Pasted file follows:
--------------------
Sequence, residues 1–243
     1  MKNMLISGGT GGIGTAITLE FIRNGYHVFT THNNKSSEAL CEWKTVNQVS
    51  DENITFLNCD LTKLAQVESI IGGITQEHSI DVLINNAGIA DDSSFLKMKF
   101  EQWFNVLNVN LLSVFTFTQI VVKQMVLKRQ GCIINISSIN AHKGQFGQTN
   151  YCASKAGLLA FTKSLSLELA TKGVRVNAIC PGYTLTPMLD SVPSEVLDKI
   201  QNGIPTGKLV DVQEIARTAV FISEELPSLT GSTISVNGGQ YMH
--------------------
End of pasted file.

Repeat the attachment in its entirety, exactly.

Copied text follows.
Sequence, residues 1–243
     1  MKNMLISGGT GGIGTAITLE FIRNGYHVFT THNNKSSEAL CEWKTVNQVS
    51  DENITFLNCD LTKLAQVESI IGGITQEHSI DVLINNAGIA DDSSFLKMKF
   101  EQWFNVLNVN LLSVFTFTQI VVKQMVLKRQ GCIINISSIN AHKGQFGQTN
   151  YCASKAGLLA FTKSLSLELA TKGVRVNAIC PGYTLTPMLD SVPSEVLDKI
   201  QNGIPTGKLV DVQEIARTAV FISEELPSLT GSTISVNGGQ YMH